Metabolism and Carcinogenicity of Nitrotoluenes
Technical grade dinitrotoluene (DNT) is a mixture of isomers (76.4% 2,4-DNT, 18.8% 2,6-DNT and 4.7% other isomers) of demonstrated hepatocar-cinogenicity in Fischer-344 rats. The incidence of neoplasia is higher in males than in females and is primarily associated with 2,6-DNT. The sex and isomer specificity of DNT is reflected in an in vivo-in vitro hepatocyte unscheduled DNA synthesis assay for potential genotoxicity, as less DNA synthesis is seen in hepatocytes from female rats than those from male rats treated with DNT, and 2,6-DNT is approximately 10-fold more active than 2,4-DNT. Detailed studies of the metabolism of 2,4- and 2,6-DNT indicate that each isomer is converted to a dinitrobenzyl alcohol in a cytochrome P-450-dependent process. The alcohols are then conjugated with glucuronic acid and excreted in the bile and urine. Male rats excrete more of the glucuronide conjugates in the bile than do female rats. Intestinal microflora hydrolyze the glucuronide and reduce at least one nitro group of the aglycone. The resulting aminonitrobenzyl alcohols are reabsorbed and converted to active metabolites in the liver (reviewed in Rickert et al., 1984a). Based on the ability of sulfotransferase inhibitors to decrease the covalent binding of 2,6-DNT to hepatic DNA, we postulated that 2-amino-6-nitrobenzyl alcohol was N-hydroxylated to yield 2-hydroxylamino-6-nitrobenzyl alcohol and conjugated with sulfate to yield an unstable N,O-sulfate which decomposed to an electrophilic nitrenium ion capable of reacting with hepatic DNA (Kedderis et al., 1984).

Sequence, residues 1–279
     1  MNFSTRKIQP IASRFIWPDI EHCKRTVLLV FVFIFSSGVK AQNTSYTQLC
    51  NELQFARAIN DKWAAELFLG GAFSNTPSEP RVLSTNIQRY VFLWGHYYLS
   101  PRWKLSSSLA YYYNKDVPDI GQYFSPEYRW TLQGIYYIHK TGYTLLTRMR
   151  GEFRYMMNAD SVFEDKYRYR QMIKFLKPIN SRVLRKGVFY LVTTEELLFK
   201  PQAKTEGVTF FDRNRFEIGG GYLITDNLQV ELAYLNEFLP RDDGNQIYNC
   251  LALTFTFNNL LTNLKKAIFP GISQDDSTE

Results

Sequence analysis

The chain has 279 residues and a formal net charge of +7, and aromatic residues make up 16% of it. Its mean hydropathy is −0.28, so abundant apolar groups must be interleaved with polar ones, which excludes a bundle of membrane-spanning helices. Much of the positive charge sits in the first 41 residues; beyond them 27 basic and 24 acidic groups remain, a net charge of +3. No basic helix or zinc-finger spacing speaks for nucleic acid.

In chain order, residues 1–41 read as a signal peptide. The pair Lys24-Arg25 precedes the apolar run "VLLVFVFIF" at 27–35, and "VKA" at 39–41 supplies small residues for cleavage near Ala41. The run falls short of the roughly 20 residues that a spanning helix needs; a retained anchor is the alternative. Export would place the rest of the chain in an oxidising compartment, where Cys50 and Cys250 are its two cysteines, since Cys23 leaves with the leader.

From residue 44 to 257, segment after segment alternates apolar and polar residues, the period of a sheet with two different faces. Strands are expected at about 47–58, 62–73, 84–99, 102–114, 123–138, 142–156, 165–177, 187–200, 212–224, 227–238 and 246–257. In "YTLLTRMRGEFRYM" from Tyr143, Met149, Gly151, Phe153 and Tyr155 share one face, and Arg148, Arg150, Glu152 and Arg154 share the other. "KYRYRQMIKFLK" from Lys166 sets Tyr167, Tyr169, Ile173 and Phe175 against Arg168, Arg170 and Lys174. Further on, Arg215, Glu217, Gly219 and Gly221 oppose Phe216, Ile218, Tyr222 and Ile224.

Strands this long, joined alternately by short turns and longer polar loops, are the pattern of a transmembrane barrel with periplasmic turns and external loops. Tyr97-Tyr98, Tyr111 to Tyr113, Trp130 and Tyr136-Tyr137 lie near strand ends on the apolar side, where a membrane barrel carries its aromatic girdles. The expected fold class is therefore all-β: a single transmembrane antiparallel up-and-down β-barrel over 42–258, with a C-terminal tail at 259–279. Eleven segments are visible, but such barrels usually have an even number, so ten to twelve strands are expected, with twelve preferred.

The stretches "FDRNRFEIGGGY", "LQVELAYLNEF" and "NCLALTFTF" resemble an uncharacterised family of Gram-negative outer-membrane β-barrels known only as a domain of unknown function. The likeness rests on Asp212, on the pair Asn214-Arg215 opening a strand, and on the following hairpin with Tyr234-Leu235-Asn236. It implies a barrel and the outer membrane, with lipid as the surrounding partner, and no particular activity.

KeywordsBiliary Excretion Covalent Binding Intestinal Microflora Enterohepatic Recycling Microsomal Metabolism
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